# R.I.P. John Nash

John Nash has died, aged 86.

John Nash is most famous for his work on game theory. Game theory tries to understand, mathematically, how people behave in situations where they have to compete or cooperate with another person, like “Rock Scissors Paper”, getting kids to go to bed, house auctions or nuclear disarmament negotiations.

John Nash won the Nobel Memorial Prize in Economic Sciences for his work in the area. Ironically, his greater mathematical accomplishments were in other areas (differential equations and differential geometry). There’s no Nobel Prize in Mathematics, but John Nash received the Abel Prize, which is pretty much just as good, only last week.

My son challenged me to a game of Rock Scissors Paper the other day. He was confident he had a method for winning. However, I had a tool up my sleev that he didn’t – I knew something of John Nash’s methods, and knew how to apply them to Rock Scissors Paper. I could guarantee that neither he nor I would do better than break even, in the long run.

To apply John Nash’s methods, you need to write out a table, showing all the payoffs for every possible play by you and you opponent. The payoffs should be numbers – how much each outcome is worth – in points, dollars, acres or warm fuzzies. For Rock Scissors Paper, the table is shown below. The payoffs for Player 1 are in red, for Player 2 are in blue.

Suppose I’m player 1, and I devise a strategy. Unfortunately for me, you are a superintelligence able to predict my every thought. If my strategy selects Rock, you will outthink me and choose Paper. Likewise, you will win if my strategy says to choose Paper, or to choose Scissors. It seems I am doomed. Except, John Nash gave me a trump card up my sleeve – my strategy was to choose randomly, to assign probabilities for me to choose Rock, Scissors or Paper, and instead of trying to outthink my son, to choose my move in an unpredictable way, using a true source of randomness.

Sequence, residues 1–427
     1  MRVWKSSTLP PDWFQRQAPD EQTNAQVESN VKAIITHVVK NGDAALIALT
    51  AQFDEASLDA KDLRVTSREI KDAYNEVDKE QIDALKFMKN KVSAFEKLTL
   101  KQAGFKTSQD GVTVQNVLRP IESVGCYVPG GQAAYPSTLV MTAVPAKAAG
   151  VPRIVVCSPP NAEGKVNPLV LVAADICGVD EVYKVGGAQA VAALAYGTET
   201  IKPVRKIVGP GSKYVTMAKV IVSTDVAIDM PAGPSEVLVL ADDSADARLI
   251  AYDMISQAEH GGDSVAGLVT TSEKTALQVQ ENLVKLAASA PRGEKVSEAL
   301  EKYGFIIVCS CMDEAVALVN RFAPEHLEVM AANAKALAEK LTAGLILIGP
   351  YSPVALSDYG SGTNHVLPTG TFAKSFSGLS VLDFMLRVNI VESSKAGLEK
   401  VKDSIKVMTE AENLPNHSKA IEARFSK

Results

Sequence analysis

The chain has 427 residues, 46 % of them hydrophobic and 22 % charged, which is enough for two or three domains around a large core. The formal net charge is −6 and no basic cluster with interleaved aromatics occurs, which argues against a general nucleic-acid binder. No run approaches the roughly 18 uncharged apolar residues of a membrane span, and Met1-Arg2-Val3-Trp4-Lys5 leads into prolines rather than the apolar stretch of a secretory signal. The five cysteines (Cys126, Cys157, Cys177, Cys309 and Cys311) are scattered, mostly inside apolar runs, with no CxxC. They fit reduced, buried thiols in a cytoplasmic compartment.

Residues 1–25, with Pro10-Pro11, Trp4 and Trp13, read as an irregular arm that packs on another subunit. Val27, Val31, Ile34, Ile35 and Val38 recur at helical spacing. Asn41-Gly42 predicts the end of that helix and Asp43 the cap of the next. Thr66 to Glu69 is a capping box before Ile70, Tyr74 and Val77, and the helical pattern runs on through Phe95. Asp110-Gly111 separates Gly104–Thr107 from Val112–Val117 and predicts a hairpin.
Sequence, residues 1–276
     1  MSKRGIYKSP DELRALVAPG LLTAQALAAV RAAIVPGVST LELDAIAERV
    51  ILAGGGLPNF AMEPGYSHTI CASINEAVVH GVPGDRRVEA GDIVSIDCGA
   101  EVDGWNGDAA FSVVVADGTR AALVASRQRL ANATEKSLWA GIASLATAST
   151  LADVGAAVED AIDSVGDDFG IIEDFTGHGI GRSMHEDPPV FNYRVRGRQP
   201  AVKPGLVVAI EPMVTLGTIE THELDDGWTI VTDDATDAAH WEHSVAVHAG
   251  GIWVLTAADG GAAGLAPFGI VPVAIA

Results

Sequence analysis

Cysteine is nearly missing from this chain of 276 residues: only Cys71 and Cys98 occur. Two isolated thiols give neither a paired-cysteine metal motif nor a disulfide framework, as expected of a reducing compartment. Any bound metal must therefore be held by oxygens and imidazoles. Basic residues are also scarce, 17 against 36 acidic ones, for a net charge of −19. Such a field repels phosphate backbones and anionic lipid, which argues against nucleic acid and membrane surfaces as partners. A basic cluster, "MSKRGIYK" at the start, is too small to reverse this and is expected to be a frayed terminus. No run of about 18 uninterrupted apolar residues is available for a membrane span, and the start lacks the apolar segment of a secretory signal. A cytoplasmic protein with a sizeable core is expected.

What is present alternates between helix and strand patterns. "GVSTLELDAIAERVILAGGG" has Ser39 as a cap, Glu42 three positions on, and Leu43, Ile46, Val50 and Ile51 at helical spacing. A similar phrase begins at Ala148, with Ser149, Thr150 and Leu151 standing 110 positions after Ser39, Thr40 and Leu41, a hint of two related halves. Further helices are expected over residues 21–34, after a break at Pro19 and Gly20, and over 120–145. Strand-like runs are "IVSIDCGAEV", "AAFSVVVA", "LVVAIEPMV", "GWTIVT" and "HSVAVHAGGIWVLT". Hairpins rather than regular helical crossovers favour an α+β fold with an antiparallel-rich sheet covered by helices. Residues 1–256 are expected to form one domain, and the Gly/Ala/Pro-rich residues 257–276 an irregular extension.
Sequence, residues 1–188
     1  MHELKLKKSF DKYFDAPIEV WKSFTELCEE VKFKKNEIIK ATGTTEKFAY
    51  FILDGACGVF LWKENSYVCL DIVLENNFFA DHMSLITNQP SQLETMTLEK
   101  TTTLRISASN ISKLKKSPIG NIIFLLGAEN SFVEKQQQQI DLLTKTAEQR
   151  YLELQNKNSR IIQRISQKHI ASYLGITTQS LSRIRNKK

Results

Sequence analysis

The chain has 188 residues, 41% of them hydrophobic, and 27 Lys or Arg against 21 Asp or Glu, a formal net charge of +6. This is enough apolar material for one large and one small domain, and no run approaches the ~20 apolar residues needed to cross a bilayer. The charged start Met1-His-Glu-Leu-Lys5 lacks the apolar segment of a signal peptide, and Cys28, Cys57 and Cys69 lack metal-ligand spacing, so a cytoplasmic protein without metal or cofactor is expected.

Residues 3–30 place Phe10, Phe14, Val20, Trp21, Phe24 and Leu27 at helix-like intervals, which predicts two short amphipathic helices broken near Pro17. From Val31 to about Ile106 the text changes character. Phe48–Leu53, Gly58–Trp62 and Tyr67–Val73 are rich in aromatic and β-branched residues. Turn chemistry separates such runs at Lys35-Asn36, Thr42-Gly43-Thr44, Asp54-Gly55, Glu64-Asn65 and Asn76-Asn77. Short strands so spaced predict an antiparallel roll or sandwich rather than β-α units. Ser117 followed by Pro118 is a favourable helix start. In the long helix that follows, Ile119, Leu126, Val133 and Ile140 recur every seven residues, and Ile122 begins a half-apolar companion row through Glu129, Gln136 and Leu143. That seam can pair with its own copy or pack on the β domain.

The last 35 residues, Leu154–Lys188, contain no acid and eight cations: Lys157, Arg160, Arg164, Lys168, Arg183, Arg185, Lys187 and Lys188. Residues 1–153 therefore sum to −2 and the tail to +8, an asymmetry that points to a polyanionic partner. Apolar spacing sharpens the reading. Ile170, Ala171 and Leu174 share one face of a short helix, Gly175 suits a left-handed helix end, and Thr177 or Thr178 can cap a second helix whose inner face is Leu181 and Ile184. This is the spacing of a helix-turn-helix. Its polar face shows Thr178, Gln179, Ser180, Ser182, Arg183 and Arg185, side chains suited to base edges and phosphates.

For Rock Scissors Paper, the best probability distribution is to make the probability of each play equal. Then, even a superintelligence cannot outplay me, except by luck.

So that’s what I did. Sure enough, my son’s strategy failed. As it happened, I won, but that was just luck.

If the numbers in the payoff table were different, I could use John Nash’s methods to recalculate the probabilities, and still find an unbeatable strategy. The calculations are not harder than a bright high school student could do.

The important insight here is that sometimes the best strategy is to act randomly. That’s why in elections, and in international politics, you sometimes see the rise of a “maverick”, a player who appears to act a bit crazy, randomly, unpredictably. John Nash’s work suggests that perhaps the mavericks aren’t crazy at all, but have figured out an optimal strategy that avoids losses. Perhaps they are the savvy ones, more than the politicians who clearly state their positions and stick to them through thick and thin.

Rest in Peace, John Nash. John and his wife  were on their way back from the airport, having returned from Norway where John had received the Abel prize. Nobody else in the accidentwas even seriously injuries, but John and his wife were flung from the vehicle and died.

Rest in Peace, John Nash. And for the rest of us, buckle up in the car. Game theory suggests that seatbelts are part of the optimal strategy, when playing against fate on the interstate.